pension systems comprised of both defined benefit and defined
contribution plans, first established in 1955. It has $20
billion in defined benefit and $5.5 billion in defined
contribution assets that include six smaller funds that were
part of PERF. The defined contribution portion, officially
named the Annuity Savings Account is not your average 401(k).
It has the advantage of leveraging the states defined
benefit managers to obtain amongst the lowest fees of any
defined contribution plan, explains Russo, rather than using
the usual mutual fund array.
Before the funds were merged, the two legacy funds
return assumptions were 7.5 and 7.25 percent. The merger gave
the state legislature the opportunity to adjust the rate down
to 7.0 percent. The expectation of prolonged low interest rate
environment and volatile equity markets pushed Russo and the
board to more closely match fund assets with liabilities.
If by going to 6.75 percent drops our funded status, so
be it, explains Russo.
Low interest rates and uneven investment returns have taken
a toll nationwide with taxpayers on the hook to help support
retired teachers, firemen and police. A paper published in
September by professors Robert Novy-Marx at the University of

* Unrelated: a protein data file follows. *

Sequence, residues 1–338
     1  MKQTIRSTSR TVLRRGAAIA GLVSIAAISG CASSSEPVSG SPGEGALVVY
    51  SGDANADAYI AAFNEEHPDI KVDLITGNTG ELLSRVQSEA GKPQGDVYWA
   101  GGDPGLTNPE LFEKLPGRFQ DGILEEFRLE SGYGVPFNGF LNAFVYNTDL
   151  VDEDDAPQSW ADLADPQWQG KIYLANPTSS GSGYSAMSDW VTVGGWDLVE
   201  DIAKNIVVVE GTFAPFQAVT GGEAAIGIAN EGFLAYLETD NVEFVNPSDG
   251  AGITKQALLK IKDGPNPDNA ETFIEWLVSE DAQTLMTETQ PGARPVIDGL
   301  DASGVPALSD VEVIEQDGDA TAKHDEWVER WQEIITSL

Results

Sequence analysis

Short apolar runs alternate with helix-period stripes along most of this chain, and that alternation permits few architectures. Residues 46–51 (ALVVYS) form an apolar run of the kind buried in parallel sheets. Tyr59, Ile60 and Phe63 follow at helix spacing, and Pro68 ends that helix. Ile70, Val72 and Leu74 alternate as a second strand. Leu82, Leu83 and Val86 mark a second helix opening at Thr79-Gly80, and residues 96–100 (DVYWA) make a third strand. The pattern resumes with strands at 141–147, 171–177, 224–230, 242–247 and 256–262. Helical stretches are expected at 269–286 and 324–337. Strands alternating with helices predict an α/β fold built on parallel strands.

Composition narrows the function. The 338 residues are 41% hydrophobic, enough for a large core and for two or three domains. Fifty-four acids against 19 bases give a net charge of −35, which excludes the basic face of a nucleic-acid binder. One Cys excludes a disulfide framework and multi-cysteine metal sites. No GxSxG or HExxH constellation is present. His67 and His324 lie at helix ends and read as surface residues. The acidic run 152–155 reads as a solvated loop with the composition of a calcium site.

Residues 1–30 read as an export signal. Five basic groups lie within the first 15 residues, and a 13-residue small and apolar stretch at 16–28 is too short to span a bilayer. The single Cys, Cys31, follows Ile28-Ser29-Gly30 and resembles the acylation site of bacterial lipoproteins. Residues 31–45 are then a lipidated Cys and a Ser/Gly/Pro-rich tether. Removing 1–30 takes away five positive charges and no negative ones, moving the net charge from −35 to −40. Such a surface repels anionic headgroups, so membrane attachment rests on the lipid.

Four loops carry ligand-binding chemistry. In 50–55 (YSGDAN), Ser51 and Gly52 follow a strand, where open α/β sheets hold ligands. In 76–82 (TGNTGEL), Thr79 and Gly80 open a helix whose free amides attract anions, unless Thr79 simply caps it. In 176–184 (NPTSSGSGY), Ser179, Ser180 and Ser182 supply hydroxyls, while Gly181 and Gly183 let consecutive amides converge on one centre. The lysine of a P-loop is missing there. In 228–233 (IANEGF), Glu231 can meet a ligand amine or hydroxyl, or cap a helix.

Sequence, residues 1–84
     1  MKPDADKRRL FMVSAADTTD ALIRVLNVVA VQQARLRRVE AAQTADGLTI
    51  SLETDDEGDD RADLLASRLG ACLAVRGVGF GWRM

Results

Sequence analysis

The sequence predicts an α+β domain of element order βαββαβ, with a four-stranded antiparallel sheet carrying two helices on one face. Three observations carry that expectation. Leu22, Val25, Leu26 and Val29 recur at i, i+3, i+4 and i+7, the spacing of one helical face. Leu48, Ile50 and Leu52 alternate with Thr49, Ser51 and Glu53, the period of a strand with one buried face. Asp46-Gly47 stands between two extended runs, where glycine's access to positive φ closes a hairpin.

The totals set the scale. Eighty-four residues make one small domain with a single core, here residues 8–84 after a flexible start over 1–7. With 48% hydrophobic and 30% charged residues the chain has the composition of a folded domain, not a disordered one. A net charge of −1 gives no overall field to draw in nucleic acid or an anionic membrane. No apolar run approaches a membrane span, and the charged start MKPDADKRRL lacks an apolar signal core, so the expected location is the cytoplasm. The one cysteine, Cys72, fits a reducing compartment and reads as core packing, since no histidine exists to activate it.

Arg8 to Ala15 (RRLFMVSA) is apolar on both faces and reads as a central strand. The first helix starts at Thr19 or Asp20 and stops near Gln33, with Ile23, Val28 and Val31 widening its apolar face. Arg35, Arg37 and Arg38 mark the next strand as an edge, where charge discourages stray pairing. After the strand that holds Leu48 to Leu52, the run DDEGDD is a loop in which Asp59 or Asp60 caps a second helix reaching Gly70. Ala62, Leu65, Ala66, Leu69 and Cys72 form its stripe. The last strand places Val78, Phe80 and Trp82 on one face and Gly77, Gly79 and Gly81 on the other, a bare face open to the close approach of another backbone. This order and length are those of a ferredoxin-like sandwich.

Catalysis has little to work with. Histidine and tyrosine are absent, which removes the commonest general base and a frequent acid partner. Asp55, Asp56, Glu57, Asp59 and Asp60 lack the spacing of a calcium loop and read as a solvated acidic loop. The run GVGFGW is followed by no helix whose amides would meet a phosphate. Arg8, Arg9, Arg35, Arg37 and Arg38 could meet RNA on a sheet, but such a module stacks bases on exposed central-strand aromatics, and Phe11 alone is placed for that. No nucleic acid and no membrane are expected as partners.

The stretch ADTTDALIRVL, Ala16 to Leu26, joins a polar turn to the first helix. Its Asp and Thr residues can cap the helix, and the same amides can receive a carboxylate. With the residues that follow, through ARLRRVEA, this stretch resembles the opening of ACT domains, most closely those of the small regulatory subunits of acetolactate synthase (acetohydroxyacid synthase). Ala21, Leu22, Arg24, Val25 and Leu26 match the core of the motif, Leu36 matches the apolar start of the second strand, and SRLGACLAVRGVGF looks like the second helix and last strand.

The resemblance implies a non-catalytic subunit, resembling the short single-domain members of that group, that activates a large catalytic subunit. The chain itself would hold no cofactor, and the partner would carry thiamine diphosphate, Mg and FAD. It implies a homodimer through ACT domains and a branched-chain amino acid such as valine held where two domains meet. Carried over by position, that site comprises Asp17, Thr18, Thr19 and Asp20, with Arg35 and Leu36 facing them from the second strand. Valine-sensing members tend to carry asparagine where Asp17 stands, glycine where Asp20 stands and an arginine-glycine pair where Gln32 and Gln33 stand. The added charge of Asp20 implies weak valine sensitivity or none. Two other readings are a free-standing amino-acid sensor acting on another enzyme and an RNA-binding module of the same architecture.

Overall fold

Rochester and Jonathan Rauh, at Stanford Universitys
business school and the Hoover Institution, found that
assuming each state grows at its ten-year average (without
taking factors like investment return or economic growth into
account) government contributions to state and local
pension systems will need to rise to 14.1 percent of their own
revenue to achieve fully funded systems in 30 years. The
Revenue Demands of Public Employee Pension Promises,
published in September, found that average employer
contributions would have to rise to 40.4 percent of payroll to
achieve these goals, corresponding to an increase of 24.1
percent of payroll. Per-household contribution increases would
have to start immediately, with an average immediate increase
is $1,385 per household per year.
For his part, INPRS CEO Russo challenges the 30-year pension
return assumption. If you do the math, and you are wrong
for the first 10 years, you could get crushed, he warns.
Three, five, seven years of underperforming, your assumption
has dramatic effects on your contribution rates, he adds.
The Indiana pension officials worked with the investment
team from the ground up perspective to get the investment
return aligned with the new return assumption. Steve
brought it to me, says Adam Horst, the ex-officio board
member, director of the Indiana Office of Management and Budget
and the Indiana State Budget Agency. Its not the
easiest conversation to have. Russos answer:
How can you not do that? It would be shortsighted. To me
its not fulfilling your fiduciary duties.
The INPRS fund and its constituents received a present in
July that helped boost its future position. Indiana law
dictates that if the state budget reserves go over 10 percent,
the extra assets are divided 50-50 between the pension fund and
taxpayers. This year, a total of $360 million was distributed
to the pension funds, bringing its funded status up to 80